These calibrations are important if the Navigator is going to be used to find marked locations after rotating the grid. Since the two stage axes do not behave identically, a calibration of the stretch in the stage coordinate system is needed to maintain accuracy when rotating the stage coordinates of marked locations. Having this calibration allows positions to be transformed accurately in the Navigator using only 2 or 3 registration points, and allows more accurate transformations when using the Align with Rotation dialog. The procedure for this calibration is described in Stage Stretch.

When using the Align with Rotation dialog, a stretch in the image projection makes it harder to align images. This stretch can be corrected by entering a property 'RotationStretchXform' for one or more magnifications. The program will use the property for the nearest magnification in the same mode if one is available; thus you would need property entries for one magnification in low-mag and one in regular mag mode if you want to have corrections in both modes. The procedure for obtaining this entry is as follows:

  1. Select a location with recognizable image features over a sufficient area to do alignment correlations with.
  2. Pre-expose this area for a few minutes to stabilize it. Further shrinkage will not affect the calibration as long as it is isotropic.
  3. Take and save an image at one or more magnifications and make each one be a Navigator map (e.g., one near the bottom of regular mag mode, and one in low mag mode).
  4. Rotate the grid by about 90° (rotations between 70 and 110° should be useful).
  5. Center on the same region, take an image at each selected magnification, and save each as a map. You may wish to use the Align with Rotation dialog to center on the position of each previous map.
  6. Note the section numbers (numbered from 0) of each pair of images at the same magnification.
  7. Take the map file to a machine with IMOD. For one magnification, run
       newstack -sec before,after mapfile
    where 'before' and 'after' are the section numbers before and after rotation, and 'mapfile' is the image file
  8. Run
       midas -b 0 temp1.inixf
    Rotate the image with the middle mouse button and shift with the left mouse button until they are approproximately align. Save the transform and exit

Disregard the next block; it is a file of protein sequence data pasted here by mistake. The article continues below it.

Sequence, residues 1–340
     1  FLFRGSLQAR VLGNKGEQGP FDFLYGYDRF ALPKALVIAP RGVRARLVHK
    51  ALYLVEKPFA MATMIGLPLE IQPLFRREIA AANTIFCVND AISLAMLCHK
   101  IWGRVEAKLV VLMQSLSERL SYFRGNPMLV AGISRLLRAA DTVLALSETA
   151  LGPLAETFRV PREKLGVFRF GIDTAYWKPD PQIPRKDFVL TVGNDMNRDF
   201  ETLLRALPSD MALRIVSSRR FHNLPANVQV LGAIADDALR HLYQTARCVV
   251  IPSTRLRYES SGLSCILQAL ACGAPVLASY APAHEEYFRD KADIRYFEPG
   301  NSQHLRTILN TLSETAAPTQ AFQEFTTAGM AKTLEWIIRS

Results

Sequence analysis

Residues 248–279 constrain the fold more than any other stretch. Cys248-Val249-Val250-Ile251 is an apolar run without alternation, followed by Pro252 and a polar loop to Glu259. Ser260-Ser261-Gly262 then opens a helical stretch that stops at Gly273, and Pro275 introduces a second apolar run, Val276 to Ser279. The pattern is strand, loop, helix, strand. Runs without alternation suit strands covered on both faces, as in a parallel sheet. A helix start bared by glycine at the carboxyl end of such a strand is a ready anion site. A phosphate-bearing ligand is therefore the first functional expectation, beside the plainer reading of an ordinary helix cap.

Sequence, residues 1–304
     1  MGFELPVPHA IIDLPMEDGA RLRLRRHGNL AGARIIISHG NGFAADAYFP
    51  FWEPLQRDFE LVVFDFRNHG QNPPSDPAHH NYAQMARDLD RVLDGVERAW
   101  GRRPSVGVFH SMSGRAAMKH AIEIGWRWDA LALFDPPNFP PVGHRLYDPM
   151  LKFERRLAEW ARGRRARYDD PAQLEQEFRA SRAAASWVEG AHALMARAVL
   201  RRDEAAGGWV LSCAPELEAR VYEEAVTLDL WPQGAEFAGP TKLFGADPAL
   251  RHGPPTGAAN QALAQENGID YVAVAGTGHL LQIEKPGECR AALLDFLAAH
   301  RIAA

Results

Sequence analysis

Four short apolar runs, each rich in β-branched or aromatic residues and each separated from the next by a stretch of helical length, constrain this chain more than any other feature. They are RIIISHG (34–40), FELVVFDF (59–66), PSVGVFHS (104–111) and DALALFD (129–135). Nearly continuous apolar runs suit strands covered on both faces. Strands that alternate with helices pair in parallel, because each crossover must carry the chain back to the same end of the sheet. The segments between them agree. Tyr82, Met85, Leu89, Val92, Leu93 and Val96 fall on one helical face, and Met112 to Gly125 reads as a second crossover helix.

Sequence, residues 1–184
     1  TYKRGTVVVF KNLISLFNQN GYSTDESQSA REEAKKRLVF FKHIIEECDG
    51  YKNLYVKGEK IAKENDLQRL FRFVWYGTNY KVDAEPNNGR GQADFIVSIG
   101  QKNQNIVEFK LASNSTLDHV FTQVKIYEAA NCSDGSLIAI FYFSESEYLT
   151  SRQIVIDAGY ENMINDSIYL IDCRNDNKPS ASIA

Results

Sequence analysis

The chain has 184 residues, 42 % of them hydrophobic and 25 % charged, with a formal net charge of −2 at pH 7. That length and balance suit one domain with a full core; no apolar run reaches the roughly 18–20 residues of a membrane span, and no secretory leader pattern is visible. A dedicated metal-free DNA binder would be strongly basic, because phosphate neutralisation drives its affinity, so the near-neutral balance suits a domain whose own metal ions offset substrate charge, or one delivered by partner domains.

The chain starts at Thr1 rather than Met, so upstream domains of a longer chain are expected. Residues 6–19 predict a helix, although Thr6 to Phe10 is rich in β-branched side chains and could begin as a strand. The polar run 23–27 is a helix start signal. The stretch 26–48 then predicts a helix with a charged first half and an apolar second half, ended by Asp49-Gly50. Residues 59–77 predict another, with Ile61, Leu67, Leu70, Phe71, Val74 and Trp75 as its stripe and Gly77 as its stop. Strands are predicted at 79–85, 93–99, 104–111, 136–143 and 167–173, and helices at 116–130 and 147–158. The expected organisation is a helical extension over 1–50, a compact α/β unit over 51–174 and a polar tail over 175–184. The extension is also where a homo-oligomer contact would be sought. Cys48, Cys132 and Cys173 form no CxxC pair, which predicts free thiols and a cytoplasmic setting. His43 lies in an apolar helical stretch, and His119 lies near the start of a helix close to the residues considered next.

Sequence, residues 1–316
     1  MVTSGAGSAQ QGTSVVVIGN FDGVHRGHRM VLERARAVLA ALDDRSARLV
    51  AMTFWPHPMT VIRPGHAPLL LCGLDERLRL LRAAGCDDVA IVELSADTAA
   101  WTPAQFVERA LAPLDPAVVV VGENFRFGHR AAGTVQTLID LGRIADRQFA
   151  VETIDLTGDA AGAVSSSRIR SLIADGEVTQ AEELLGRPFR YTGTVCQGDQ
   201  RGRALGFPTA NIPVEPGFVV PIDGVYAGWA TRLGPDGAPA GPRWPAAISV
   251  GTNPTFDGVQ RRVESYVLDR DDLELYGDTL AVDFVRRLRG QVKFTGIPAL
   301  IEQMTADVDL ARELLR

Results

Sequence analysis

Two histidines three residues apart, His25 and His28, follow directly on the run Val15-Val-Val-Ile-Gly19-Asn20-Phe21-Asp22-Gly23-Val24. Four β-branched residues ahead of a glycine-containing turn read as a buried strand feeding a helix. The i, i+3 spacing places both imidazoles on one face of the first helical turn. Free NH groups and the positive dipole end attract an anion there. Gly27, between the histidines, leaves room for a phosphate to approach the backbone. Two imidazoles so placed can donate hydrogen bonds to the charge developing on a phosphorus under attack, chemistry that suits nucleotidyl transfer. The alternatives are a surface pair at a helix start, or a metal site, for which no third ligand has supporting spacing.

9. Run
       xfalign -bi -ini temp1.inixf temp1.xf
  10. Check the alignment with
       midas -b 0 temp1.xf
  11. Extract the transform with
       tail -n 1 temp1.xf
  12. Add a line to the properties file in the CameraProperties section for the camera used with
       RotationStretchXform   mag_index   # # # #
    Where mag_index is the magnification index (look this up the mag table in the properties file) and '# # # #' are the first four numbers of the transform
  13. Repeat steps 7 to 12 with each other pair of images, changing the numbering of the temp files if you wish to preserve those results.

GIF Calibrations (Priority 1)

Before even trying to calibrate mags for your GIF, you may need to improve the EFTEM alignments that were supplied by FEI so that the field of view does not shift too much when you change mags. This is a tedious and difficult procedure but is worth figuring out how to do it well.

Once you have done that, you should do a separate calibration of image shifts and pixel sizes from the calibration on the upper camera (or at least do the image shifts and one pixel size.) SerialEM has some fancy logic for transferring calibrations from one camera to another, but I wouldn't rely on it except for test purposes. Do a calibration of autofocus at one mag first, because then you will be able to use autofocus to focus when you switch between mags. Then follow the procedure above for getting the image shift calibrations and grating pictures.